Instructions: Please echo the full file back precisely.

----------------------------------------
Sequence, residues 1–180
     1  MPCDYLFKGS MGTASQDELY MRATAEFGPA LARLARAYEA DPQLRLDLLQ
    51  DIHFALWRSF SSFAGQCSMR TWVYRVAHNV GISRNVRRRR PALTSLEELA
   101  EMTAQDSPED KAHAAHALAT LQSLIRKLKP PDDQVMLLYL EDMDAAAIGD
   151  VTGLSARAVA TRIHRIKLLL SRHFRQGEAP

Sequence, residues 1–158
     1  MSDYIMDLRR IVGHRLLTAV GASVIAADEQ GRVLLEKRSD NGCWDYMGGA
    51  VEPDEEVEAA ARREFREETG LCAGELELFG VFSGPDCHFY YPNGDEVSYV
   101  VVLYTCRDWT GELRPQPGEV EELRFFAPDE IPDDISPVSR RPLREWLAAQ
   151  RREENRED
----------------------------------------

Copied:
Sequence, residues 1–180
     1  MPCDYLFKGS MGTASQDELY MRATAEFGPA LARLARAYEA DPQLRLDLLQ
    51  DIHFALWRSF SSFAGQCSMR TWVYRVAHNV GISRNVRRRR PALTSLEELA
   101  EMTAQDSPED KAHAAHALAT LQSLIRKLKP PDDQVMLLYL EDMDAAAIGD
   151  VTGLSARAVA TRIHRIKLLL SRHFRQGEAP

Sequence, residues 1–158
     1  MSDYIMDLRR IVGHRLLTAV GASVIAADEQ GRVLLEKRSD NGCWDYMGGA
    51  VEPDEEVEAA ARREFREETG LCAGELELFG VFSGPDCHFY YPNGDEVSYV
   101  VVLYTCRDWT GELRPQPGEV EELRFFAPDE IPDDISPVSR RPLREWLAAQ
   151  RREENRED